Rising Healthcare Costs in the UAE

The UAE has seen tremendous development in recent years, with the largely oil driven economies of the region doing better than many in weathering the challenging financial climate of recent years. Indeed, the UAE saw its economy grow by 4.3 percent in 2011 due in great part to the prices of oil, although certainly helped along by non-oil sectors such as the tourism industry.

However, as many developing and developed countries alike have come to realize, increasing access to modern technology, food and conveniences often brings with it increases in certain diseases and healthcare expenditure in tow. Preventable diseases such as type-II diabetes, heart disease and certain types of cancer that are often referred to as lifestyle diseases often play a large part in rapidly growing the amount spent on healthcare both by governments and individual citizens seeking care.

The UAE has felt such a pinch quite acutely in recent years, with their expenditures on healthcare rising to approximately US$1,200 per person per year, bringing them into the top 20 countries in the world for money spent on healthcare per capita. While this may be seen as good news for healthcare providers and the pharmaceutical industry, the growing costs and the underlying health problems causing the rapid rise in health spending have serious implications both for the quality of life of the citizenry as well as the financial wellbeing of the countries as they try to ensure access to quality services.

Much of the growing healthcare budget is due to the rapid rise in lifestyle diseases in the UAE and the Gulf region in general. Indeed, 19.2 percent of residents in the UAE have diabetes making it the country with the highest prevalence of the disease in the Gulf region. In 2010, providing treatment for diabetes alone cost the UAE US$5.5 billion annually, comprising 14 percent of healthcare spending in the Emirates.

While healthcare expenditures as a per capita amount rising dramatically, it still only comprises approximately 3 percent of the UAE’s GDP. While this is expected to rise to close to 3.5 percent of GDP by 2015, it still does not come close to the United States, which spent enough on healthcare to equate to upwards of 17 percent of their GDP. However, much like the rest of the Gulf Cooperation Council (GCC) Region, the healthcare system in the UAE is largely subsidized by the government, in fact over 70 percent of healthcare spending in the GCC region comes from public sector funding.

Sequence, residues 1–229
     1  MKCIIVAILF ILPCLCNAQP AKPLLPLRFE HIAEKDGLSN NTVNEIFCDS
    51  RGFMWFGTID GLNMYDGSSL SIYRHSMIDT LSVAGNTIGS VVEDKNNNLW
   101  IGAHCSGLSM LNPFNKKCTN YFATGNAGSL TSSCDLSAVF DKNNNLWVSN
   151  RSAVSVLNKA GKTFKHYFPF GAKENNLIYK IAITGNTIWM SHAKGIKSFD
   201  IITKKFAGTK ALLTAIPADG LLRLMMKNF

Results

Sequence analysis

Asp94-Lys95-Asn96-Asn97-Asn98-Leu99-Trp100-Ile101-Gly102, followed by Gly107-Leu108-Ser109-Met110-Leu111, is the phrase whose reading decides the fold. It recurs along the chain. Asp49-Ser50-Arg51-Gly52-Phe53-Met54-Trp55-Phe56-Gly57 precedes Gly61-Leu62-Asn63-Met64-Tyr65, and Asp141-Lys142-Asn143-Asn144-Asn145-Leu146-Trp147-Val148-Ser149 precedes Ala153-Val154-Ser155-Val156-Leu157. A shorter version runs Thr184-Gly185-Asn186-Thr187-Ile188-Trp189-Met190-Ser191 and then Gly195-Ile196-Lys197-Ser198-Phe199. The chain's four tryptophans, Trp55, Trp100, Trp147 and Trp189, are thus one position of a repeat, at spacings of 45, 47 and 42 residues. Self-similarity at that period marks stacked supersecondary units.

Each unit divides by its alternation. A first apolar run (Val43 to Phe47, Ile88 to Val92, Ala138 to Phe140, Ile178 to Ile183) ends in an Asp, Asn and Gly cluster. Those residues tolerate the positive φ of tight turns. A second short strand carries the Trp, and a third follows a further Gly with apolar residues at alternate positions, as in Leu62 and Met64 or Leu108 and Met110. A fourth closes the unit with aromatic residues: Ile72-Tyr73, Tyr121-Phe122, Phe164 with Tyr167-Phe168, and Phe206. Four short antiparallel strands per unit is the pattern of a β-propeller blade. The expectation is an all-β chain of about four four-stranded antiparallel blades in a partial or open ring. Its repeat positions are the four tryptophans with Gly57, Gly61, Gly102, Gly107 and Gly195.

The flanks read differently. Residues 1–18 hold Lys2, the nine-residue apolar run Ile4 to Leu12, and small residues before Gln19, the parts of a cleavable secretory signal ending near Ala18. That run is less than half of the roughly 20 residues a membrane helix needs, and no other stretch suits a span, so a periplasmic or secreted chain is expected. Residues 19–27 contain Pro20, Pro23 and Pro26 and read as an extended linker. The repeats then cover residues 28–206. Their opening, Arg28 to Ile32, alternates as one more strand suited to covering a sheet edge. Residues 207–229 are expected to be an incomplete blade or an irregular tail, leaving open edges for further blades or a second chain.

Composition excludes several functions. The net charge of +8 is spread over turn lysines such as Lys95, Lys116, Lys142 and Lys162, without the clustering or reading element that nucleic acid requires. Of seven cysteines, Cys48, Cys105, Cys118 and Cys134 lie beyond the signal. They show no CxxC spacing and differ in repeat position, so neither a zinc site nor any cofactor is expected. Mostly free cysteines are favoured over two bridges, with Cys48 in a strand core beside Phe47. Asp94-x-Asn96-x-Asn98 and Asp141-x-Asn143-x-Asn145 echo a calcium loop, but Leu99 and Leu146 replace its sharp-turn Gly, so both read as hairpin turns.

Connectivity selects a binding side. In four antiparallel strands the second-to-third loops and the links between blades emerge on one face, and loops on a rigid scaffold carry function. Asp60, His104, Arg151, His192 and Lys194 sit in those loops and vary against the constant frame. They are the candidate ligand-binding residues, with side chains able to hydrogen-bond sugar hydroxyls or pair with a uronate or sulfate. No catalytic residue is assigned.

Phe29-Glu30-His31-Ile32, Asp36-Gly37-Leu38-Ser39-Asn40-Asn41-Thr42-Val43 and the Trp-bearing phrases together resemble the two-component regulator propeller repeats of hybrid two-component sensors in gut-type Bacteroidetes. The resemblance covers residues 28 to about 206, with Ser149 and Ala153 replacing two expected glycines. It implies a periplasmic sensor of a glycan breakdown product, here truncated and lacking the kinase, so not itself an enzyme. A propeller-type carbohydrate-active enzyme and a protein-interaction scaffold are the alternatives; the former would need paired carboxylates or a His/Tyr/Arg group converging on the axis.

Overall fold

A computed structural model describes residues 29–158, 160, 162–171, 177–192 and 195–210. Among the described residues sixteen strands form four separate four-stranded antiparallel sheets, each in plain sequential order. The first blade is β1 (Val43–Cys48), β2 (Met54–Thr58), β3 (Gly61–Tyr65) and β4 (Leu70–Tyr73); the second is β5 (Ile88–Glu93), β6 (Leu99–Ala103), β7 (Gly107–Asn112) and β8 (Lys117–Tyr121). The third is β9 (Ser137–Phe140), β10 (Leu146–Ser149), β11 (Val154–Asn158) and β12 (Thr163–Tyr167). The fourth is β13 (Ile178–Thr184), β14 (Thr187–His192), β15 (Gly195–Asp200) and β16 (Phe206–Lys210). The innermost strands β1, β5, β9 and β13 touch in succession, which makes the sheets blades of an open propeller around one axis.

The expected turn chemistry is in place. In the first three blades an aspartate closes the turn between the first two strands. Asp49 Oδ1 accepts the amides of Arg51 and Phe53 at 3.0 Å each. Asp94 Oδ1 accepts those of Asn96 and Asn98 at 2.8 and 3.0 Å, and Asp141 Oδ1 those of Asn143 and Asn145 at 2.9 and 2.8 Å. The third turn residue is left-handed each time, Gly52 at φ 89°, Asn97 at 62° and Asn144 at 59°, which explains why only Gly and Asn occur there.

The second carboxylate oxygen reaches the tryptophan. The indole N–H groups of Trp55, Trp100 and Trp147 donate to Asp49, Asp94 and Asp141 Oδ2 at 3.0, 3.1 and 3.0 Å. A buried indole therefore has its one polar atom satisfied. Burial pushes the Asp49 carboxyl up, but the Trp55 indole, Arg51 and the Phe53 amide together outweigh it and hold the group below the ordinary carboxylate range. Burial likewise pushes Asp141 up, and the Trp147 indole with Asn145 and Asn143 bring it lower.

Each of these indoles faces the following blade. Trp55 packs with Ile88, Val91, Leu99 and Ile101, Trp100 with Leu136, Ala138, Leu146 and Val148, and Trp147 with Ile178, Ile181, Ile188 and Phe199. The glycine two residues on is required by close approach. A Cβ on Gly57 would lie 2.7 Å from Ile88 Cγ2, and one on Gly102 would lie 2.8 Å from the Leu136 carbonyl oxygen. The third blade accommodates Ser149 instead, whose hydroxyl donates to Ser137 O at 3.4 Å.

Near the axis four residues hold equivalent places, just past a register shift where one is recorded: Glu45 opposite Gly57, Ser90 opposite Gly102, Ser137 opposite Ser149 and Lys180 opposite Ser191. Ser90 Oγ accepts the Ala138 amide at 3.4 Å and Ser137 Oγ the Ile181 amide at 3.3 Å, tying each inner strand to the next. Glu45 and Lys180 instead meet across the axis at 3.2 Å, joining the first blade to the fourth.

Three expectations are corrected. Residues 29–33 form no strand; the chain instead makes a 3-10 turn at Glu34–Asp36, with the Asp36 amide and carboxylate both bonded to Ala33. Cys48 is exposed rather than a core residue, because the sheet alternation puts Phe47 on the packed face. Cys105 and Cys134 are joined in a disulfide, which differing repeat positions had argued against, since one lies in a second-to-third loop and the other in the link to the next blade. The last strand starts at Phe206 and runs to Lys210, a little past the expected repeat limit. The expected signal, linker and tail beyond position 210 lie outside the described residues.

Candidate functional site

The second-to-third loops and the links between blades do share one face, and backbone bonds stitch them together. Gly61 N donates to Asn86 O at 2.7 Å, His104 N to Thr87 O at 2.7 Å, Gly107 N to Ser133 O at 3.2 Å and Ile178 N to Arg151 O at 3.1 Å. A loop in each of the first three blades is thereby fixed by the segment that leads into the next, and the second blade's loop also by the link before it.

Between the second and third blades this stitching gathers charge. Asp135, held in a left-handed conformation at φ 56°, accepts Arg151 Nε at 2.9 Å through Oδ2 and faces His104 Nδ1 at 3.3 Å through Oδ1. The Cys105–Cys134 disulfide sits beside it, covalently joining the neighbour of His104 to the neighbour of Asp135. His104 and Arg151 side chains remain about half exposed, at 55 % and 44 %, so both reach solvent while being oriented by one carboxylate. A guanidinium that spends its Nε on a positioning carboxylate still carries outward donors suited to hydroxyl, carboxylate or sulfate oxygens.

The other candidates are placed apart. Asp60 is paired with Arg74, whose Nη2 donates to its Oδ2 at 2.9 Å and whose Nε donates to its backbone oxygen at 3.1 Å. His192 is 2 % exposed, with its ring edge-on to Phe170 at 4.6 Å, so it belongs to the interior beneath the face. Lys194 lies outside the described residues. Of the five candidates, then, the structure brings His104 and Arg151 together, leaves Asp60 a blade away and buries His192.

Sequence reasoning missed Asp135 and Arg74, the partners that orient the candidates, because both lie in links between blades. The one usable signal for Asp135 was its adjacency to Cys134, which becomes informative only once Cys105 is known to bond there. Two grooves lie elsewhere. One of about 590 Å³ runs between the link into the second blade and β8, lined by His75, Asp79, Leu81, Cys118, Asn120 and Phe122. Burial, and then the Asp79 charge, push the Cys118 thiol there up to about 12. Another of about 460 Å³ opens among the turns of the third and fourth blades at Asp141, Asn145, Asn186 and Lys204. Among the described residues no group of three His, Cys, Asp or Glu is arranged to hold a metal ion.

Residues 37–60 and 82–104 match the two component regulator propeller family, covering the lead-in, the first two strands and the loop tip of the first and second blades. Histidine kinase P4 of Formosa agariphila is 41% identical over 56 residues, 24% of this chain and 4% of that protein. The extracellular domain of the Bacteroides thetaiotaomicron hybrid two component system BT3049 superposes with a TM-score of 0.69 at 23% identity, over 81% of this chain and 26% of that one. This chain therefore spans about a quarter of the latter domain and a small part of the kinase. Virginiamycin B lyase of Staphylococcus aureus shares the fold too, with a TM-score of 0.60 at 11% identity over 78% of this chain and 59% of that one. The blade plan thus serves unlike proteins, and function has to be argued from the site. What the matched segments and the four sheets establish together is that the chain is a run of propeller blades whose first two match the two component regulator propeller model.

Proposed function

However, with the increasing rapid rise in the cost of providing healthcare to the citizens and residents of the Emirates, there is an increasing push to bring in more private sector participation in funding healthcare. It has led many Emirates in the UAE and also other countries in the GCC to begin to consider enacting compulsory health insurance legislation.

So far, only two Emirates have made concrete steps towards restructuring how healthcare is financed through the implementation of mandatory health insurance; Abu Dhabi and Dubai. Abu Dhabi initially required that employers purchase health insurance for expatriate employees in 2005, although it later introduced laws creating the framework for the state to insure all resident UAE nationals under the thiqa health insurance scheme. Abu Dhabi’s initiatives now cover over 98 percent of the population of the Emirate. Dubai on the other hand, had mooted plans for compulsory health insurance in 2008-9, especially for expatriates, although the plans were put on hold with the global financial crisis.

However, in 2012, a draft law for mandatory health insurance at a federal level was briefly published. For the short time that it was available, the draft law conceived of a federal health insurance authority that would work with local health authorities in each emirate and establish how providers would be accredited and regulated. Although it was not laid clear how this would work in practice or how it would interact with existing health insurance regulations at the emirate level.

One thing is certain though, that as healthcare costs continue to rise ever more swiftly, individual Emirates or the UAE as a whole will have to take action in the near future to ensure continued access to quality healthcare services for their citizens. This seems most likely to take the form of requiring employer-provided health insurance coverage, however it remains to be seen how exactly this system would be put into place and managed.